Background: The study is to improve the quality of prescribing and may help in overcoming the problems associated with irrational use of antibiotics. Aim: To evaluate antibiotic drugs utilisation in paediatric population. Methods: A prospective observational study was conducted in paediatric department in a tertiary care teaching hospital for a period of 6 months. All the patients who were prescribed with any of antibiotic drug therapy were included in the study and reviewed. Results: Prescribing pattern was observed in 600 subjects during the study period. Antibiotics were prescribed for various conditions like bronchopneumonia (23.16%), viral pyrexia (16.16%), lower respiratory tract infection (10.16%), seizures (8.16%), acute gastroenteritis (7%) and other conditions (35.33%). In the included paediatric population, children’s were more prone to infections followed by neonates. In our study most frequently used antibiotic drugs were ampicillin, amikacin, cefotaxime, ceftriaxone and amoxiclav. Most often prescribed dosage forms of antibiotic drugs were injection (82%), syrup (10%), tablet (7%) and capsule (1%). To identify pathogenic organisms, specimens were collected from 56 (9.33%) of subjects. Commonly used specimens were serum 16 (28.57%), sputum 24 (42.85%), cerebrospinal fluid 7(12.5%) and other specimens 9 (16.07%). The number of drugs prescribed was found to be with a minimum of 2 and maximum of 5 antibiotic drugs. Conclusion: The treatment regimen given in most of the cases was without performing any culture sensitivity test which may lead to irrational use of antibiotics. Antibiotic resistance leads to a decrease in treatment success, which results in increased morbidity and mortality.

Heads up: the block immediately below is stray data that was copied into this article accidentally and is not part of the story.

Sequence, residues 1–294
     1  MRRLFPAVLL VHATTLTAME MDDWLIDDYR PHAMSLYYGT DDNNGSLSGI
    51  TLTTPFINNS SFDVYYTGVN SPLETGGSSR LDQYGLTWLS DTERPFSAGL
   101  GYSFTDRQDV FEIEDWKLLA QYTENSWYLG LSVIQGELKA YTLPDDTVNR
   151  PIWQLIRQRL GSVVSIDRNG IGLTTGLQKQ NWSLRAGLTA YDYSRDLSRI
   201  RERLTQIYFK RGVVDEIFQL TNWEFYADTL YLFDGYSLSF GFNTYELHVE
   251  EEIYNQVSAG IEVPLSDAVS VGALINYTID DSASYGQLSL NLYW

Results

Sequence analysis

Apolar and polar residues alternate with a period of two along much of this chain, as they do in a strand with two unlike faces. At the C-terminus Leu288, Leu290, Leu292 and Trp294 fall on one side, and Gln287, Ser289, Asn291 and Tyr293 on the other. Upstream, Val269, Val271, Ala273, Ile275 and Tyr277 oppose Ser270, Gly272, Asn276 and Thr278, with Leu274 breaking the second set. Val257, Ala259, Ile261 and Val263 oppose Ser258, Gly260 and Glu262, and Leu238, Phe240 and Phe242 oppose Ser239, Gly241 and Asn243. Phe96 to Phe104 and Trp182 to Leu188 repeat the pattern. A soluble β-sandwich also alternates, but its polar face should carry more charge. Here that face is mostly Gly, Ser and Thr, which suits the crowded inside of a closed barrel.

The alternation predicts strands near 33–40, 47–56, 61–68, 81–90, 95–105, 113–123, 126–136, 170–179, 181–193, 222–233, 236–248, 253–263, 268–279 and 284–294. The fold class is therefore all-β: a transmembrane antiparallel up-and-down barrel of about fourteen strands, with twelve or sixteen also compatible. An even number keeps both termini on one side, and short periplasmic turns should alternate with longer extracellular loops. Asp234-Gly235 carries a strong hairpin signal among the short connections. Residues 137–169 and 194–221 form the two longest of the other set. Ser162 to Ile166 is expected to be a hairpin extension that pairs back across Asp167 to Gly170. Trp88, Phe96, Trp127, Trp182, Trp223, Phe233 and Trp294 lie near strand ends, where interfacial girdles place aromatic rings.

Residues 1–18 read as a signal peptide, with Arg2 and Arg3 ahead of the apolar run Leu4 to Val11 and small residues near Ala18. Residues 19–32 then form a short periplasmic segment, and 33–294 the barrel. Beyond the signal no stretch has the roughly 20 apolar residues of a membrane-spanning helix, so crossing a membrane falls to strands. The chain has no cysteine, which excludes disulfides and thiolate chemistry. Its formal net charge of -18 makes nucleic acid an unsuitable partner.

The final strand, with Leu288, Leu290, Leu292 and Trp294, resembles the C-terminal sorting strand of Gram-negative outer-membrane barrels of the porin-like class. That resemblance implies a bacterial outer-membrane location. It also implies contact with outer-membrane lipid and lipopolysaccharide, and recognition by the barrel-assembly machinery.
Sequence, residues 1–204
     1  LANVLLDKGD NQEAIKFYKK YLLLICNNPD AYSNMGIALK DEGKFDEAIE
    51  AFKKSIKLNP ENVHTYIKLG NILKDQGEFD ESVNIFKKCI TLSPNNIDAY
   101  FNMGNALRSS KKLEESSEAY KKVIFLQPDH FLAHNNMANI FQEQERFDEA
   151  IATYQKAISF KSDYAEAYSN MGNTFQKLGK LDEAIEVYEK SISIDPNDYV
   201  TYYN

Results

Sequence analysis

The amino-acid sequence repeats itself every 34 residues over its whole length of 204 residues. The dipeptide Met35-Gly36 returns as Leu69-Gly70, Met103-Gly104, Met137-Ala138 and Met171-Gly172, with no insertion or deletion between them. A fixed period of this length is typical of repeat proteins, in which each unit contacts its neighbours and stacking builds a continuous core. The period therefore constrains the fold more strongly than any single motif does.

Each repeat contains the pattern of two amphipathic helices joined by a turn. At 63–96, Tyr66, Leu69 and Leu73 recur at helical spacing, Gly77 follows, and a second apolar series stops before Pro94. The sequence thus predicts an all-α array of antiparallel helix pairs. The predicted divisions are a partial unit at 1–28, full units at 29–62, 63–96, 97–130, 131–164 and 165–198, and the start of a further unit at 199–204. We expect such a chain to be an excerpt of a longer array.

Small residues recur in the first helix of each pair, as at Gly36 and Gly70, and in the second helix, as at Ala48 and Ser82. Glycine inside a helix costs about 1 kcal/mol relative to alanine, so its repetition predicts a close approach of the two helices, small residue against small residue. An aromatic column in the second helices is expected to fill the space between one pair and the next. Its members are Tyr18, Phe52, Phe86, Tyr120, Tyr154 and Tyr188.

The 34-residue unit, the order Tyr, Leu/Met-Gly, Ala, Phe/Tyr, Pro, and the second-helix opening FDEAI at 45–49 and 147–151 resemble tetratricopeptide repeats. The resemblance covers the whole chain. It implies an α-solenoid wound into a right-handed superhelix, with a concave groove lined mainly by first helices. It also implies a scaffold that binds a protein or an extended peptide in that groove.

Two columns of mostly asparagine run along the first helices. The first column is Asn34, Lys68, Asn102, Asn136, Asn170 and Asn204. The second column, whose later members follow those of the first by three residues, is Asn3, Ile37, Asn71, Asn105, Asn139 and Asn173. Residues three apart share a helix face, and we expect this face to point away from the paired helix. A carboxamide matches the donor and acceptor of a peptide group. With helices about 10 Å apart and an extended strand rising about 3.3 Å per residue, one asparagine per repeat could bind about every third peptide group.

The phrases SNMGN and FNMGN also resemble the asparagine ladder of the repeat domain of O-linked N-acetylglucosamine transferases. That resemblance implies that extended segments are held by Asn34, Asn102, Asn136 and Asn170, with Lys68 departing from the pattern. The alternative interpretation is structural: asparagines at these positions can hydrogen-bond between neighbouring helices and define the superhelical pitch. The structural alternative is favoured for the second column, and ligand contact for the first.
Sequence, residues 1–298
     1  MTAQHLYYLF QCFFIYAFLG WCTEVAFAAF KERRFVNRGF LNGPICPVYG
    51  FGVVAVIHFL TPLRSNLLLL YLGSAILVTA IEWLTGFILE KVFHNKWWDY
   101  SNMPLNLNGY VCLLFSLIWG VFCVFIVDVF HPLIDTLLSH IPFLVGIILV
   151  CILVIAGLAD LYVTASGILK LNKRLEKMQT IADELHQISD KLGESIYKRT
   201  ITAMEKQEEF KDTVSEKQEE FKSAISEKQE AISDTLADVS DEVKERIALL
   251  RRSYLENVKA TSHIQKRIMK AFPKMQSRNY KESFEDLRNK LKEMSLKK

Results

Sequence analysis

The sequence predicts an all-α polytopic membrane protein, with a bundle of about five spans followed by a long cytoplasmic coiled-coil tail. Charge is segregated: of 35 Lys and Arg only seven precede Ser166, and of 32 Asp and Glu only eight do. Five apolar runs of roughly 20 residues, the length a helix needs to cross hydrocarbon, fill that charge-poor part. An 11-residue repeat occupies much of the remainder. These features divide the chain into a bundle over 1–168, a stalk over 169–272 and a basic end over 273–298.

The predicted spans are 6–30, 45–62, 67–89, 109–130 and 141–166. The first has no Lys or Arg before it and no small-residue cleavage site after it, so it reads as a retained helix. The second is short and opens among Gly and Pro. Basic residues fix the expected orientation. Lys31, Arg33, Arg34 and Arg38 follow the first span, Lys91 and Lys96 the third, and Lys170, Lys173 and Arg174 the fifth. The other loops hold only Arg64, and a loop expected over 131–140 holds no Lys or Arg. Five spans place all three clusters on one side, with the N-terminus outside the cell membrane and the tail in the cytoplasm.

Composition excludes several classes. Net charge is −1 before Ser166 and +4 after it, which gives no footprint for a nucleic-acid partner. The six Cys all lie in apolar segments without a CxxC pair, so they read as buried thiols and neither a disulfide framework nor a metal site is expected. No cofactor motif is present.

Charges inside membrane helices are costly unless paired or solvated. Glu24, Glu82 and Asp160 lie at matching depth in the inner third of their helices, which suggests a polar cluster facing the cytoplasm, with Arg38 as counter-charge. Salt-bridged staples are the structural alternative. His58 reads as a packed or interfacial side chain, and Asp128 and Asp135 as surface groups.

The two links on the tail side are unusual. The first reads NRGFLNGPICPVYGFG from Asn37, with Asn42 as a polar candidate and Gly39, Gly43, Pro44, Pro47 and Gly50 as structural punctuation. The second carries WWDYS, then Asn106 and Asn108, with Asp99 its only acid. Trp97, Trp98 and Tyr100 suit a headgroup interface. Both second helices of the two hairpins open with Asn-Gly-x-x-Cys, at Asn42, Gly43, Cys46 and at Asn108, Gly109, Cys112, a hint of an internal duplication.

Key words: Antibiotic drugs, Paediatric, Prescribing pattern, Rational drug use, Drug utilization evaluation.